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Contesting a Trust

How to Legally Contest a Trust
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How to Legally Contest A Trust

The Laws on Contesting a Trust. What are your options?

Beneficiaries and trustees often ask if a trust can be challenged. A trust may be challenged for many reasons. You may want to contest the trust if you feel you were left out of the trust or if you think that the assets are being mismanaged. Call Hess Verdon, California’s most renowned trust attorney, at (949) 7076-7300.

What’s a Contested Trust?

A contested trust refers to a trust that is being challenged in court by beneficiaries, trustees, or other interested parties. The court will examine the trust and its contents to determine if there are grounds to challenge the trust’s validity. Because trusts can be vague or open-ended, contesting them allows the Trustor to fulfill their wishes.

Why do I want to contest?

It is not a decision you should take lightly when contesting a trust. It can lead to positive outcomes, but it can also have serious consequences. If you decide to contest a trust, and lose your case, you will likely have to pay all legal costs associated with prosecuting the case. Even if your case is successful, fighting over property or money could cause long-term harm to your relationships with beneficiaries.

Can a trust be contested?

It’s possible but not always easy. It is necessary to show that the living trust was not valid or that the creator was incapable or poorly informed about its contents when the living trust was signed.

There are two valid reasons you may have a problem with trust:

What can invalidate a trust?

You may find out that a trust was established to transfer assets after someone dies. A Trust is essential. It allows the estate to avoid probate. But, you don’t have to agree with the trust terms. You can contest trusts for many reasons.

Undue influence

Most trusts are challenged because the trust maker cannot understand or is influenced by another person. Dementia, mental illness, or being under 18 could cause a lack of capacity. Unlawful influence is when one person manipulates another to sign documents that don’t reflect their wishes.

Fraudulent inducements

Fraudulent inducements are the most challenging type of fraud to prove. This requires proof that the grantor fraudulently signed the trust instrument. The grantor must prove that they wouldn’t have created the trust if they had known about the fraudulent inducement. If you’re told that you’re signing a contract to buy a car, but instead, you discover you have signed a trust instrument. It might not be possible to claim that the grantor didn’t read or comprehend what they signed in this situation.

Lack of disclosure

An agent who fails to disclose all relevant facts to the grantor is considered a lack of disclosure. This section is simpler to prove as it doesn’t require any evidence of deceit, misrepresentation, or fraud. It only requires failure to disclose all material facts.

Ambiguity in the trust instrument.

This section is easy to prove in court, as it only requires that the trust instrument language be ambiguous. It doesn’t matter if there was an intent to deceive. It is only essential that the language was unclear and caused a loss for one party. This can happen when standard forms are used and specific provisions don’t fit particular situations.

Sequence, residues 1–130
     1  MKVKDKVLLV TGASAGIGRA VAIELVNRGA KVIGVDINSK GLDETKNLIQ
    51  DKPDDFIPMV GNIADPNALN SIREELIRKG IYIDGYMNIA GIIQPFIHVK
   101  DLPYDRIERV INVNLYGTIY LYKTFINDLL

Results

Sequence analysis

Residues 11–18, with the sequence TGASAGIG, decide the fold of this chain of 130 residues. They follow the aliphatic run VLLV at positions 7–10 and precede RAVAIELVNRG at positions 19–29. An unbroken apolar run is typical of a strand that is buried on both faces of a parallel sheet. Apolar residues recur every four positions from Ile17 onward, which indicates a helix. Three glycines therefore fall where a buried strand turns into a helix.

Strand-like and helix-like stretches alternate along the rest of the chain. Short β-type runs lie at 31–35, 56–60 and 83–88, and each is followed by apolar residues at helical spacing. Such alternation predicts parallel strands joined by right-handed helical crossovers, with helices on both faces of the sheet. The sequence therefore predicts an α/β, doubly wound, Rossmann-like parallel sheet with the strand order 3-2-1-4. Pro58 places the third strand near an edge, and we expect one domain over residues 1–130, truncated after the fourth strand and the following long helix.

The trust may not be what the deceased intended.

It is possible that the deceased changed their Will and then did not update their trust. The court might have to decide which document is valid if there is a conflict between them. You can work with a financial advisor and an estate attorney to resolve the issue. If that fails, you might need to take your case to court.

The trustee misuses their power.

The trustees are expected to act in the best interest of everyone. Imagine that they are spending money on their own instead of following instructions. They might be breaking the law by spending money on themselves instead of following instructions.

The trustee hasn’t been managing accounts correctly.

The trust gives instructions to trustees. Beneficiaries could be affected if trustees make mistakes or mismanage the trust. If investments are involved, mismanaging funds can be very costly. Losses could result in less money for beneficiaries or even zero if the account is in debt. If you suspect that this is happening, get legal advice immediately.

A trustee is acting against your best interests.

Fiduciary duties are owed to beneficiaries. They must act in the best interests of the beneficiaries and the Trustor. Beneficiaries may have the right to sue trustees if they fail to do their job correctly.

Deadlines and Limitations for Contesting a Trust

The date that you became aware of the Trustor is the deadline to file a contest of trust. There are also limitations on when you can contest trusts. If you wait too long, courts might dismiss your contest. Before deciding whether it is worth filing a contest, it is essential to talk with a trust attorney about your particular situation.

Time Limits to Contest a Trust

Only a person can contest a trust if they do it within the specified time period. This time limit is usually determined by the date the trustee sends notice of trust to potential beneficiaries or the decedent’s heirs (the person who created the trust). The limitation period could be extended if the notification is not sent in writing to beneficiaries. Anyone considering challenging a trust should consult an attorney.


Often, disputes trusts are for personal, emotional, and complex reasons. Before you take action, it is essential to understand your options thoroughly. Hess-Verdon’s experienced lawyers are available to assist you in getting the results you need. Contact us at (888)318-4430.

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